Pastoring Racists

In my church community, the roots of racial sin run deep.
Pastoring Racists

I still remember that sick feeling I got in the pit of my stomach when one of my church members told me why one of our men had abruptly left our worship service the week before. The pews are hard on his injured back, so when I saw him walk out, I thought nothing of it. But this particular Sunday the issue was something else entirely. His Sunday school teacher explained that he called her after the service to say he left because he was not happy that "there was a black boy sitting up front with the rest of our youth." He was concerned that the parents of the two white girls he was sitting next to were just allowing this to happen.

My stomach sank. The feeling was a mix of emotions. I was disappointed, sad, shocked, and angry. This is my first pastorate, and I wasn't expecting this kind of blatant racism to be an issue I would need to deal with. After all, this was 2015, and we are talking about church-going Christians.

We are an all-white church in a community that is roughly 85 percent African American. The more I paid attention, the more I realized that some in the church wanted it to stay that way. As I listened to people talk, I began to notice an "us" versus "them" mentality among some. People would often say, "You know, Pastor, they just worship differently than we do." It became apparent that "their" children went to one school and "ours" went to another. Even when other churches in the community were being discussed, only the "white" churches were part of the conversation.

I wish I could tell you I figured out the key to erasing racism in your church in time for your next potluck dinner. The truth is, racism does not develop in people's hearts overnight and it doesn't leave easily. Our church's progress in this area has been painfully slow. However, God has used several truths to encourage me and shape the way I minister in this particular context.

This Is a Hill Worth Dying On

One man who had preached in view of a call before me cost himself the job by sharing his ideas about how to reach the local African-American community with the gospel. Whenever my sermon deals with the issue of race, or when we have an event that might attract African Americans from our community, I know some in the church will be upset. This issue could cost me my job.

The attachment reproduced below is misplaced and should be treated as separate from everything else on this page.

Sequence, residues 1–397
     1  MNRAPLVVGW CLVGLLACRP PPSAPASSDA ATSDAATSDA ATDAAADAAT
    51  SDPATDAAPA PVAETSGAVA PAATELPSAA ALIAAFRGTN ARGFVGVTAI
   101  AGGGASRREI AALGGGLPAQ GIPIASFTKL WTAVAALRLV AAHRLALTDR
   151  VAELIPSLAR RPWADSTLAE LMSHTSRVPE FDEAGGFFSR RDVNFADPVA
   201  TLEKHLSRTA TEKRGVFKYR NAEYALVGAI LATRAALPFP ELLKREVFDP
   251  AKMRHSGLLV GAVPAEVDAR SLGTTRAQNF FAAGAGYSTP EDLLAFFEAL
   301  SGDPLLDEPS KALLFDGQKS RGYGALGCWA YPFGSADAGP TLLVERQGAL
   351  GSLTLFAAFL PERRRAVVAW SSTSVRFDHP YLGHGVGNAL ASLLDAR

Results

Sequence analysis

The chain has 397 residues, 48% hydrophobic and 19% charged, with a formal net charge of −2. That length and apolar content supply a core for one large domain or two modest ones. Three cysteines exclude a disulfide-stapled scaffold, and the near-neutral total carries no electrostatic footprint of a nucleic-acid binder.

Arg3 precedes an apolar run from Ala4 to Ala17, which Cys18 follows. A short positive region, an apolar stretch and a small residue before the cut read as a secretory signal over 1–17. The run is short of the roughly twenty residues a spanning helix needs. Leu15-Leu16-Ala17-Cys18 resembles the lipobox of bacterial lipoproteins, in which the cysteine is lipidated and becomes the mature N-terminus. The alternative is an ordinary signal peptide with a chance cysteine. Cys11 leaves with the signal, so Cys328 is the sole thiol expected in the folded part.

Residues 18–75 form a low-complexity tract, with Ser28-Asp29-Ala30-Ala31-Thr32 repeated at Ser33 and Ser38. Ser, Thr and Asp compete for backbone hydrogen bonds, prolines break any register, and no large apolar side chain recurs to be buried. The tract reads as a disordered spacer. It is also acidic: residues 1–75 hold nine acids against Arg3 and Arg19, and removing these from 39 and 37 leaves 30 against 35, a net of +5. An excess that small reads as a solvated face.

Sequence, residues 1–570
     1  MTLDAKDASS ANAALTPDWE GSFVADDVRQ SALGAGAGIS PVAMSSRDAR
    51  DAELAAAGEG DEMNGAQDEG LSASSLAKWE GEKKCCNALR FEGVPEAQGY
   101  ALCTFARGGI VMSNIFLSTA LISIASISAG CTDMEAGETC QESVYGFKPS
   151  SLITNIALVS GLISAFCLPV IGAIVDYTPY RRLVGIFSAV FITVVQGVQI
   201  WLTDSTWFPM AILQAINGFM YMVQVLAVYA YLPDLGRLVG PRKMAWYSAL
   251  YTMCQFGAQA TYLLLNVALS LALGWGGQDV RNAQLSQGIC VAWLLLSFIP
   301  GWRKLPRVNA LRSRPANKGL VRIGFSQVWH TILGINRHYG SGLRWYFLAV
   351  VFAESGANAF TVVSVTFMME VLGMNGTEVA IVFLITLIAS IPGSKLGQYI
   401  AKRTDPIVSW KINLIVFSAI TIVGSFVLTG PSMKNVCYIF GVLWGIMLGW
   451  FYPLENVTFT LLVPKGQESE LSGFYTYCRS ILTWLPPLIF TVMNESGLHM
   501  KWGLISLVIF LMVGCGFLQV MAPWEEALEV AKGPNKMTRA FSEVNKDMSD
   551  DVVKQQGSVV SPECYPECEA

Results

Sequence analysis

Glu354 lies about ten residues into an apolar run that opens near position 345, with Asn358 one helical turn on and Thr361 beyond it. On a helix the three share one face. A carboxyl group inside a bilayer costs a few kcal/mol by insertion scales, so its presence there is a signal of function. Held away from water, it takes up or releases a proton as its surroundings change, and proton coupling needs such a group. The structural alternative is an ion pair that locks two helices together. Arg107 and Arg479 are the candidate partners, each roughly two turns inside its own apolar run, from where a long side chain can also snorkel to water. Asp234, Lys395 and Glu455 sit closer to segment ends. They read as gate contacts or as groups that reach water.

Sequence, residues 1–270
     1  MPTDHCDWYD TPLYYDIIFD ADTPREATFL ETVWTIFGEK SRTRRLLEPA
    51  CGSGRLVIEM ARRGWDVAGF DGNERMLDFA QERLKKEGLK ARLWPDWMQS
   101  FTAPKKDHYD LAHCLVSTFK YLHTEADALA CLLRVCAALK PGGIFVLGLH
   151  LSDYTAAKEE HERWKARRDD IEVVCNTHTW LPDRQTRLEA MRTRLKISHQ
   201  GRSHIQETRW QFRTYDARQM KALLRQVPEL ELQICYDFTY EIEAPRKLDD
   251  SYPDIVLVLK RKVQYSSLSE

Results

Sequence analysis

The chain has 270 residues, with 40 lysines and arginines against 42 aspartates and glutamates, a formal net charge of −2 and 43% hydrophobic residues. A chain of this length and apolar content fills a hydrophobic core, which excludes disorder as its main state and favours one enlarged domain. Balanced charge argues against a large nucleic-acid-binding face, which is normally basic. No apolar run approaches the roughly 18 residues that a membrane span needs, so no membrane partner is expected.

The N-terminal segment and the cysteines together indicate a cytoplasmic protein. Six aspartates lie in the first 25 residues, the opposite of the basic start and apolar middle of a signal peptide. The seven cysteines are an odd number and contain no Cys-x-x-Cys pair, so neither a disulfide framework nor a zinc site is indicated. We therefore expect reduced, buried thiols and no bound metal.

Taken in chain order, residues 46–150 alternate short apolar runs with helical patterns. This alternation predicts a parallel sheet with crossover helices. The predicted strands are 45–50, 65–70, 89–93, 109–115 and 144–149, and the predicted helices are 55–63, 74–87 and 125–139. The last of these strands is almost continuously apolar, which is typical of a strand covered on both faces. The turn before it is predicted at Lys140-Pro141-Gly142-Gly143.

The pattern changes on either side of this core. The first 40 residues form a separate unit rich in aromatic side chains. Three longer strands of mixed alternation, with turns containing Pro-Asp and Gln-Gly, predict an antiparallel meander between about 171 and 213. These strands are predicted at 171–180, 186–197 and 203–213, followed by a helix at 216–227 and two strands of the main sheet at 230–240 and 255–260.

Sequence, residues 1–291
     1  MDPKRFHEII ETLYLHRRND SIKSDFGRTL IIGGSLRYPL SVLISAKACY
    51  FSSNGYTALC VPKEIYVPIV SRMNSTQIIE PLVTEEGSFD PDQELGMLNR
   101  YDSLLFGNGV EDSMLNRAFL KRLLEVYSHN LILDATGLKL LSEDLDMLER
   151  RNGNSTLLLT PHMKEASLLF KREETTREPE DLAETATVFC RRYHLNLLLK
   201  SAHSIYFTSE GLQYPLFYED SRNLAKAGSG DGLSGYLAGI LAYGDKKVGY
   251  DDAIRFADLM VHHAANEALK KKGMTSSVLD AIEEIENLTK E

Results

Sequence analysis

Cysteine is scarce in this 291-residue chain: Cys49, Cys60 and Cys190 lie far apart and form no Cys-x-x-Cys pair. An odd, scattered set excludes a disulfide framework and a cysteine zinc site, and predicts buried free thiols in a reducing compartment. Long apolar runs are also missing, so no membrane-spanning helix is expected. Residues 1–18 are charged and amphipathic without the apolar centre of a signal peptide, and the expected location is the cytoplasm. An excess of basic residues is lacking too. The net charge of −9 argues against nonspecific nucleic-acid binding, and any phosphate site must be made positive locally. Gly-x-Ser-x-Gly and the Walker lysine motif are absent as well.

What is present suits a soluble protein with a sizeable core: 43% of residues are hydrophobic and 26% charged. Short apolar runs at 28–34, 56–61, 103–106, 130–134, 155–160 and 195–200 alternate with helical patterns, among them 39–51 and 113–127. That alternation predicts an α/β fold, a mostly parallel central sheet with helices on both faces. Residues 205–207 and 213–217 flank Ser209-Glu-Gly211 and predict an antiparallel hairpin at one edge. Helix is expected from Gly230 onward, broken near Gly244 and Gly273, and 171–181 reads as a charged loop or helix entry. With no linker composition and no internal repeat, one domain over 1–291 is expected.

Nonetheless, the gospel compels me to continue on regardless of the cost. Paul wrote to the church in Ephesus, "for [Jesus] himself is our peace, who has made us both one and has broken down in his flesh the dividing wall of hostility by abolishing the law of commandments expressed in ordinances, that he might create in himself one new man in place of the two, so making peace, and might reconcile us both to God in one body through the cross, thereby killing the hostility" (Eph. 2:14-16).

He left because he wasn't happy "there was a black boy sitting up front with the rest of our youth."

The reconciliation of people to both God and each other is the good news of the gospel. The death of Christ achieved racial reconciliation. This truth is distorted when racism exists in the church. Racism in the church paints a skewed picture of the gospel for all the world to see. It spreads a lie about Christ's work on the cross. This fight is worth fighting because it strikes right at the heart of the gospel.

The Gospel Undermines Racism

Some who sit in our pews week in and week out have never been born again. They need their self-righteous pride exposed and torn down by the message of the cross. They need someone to come alongside them and show that following Jesus means submitting to his lordship, not just sitting in a church pew. They need to be told of God's loving pursuit of them, even while they are sinners.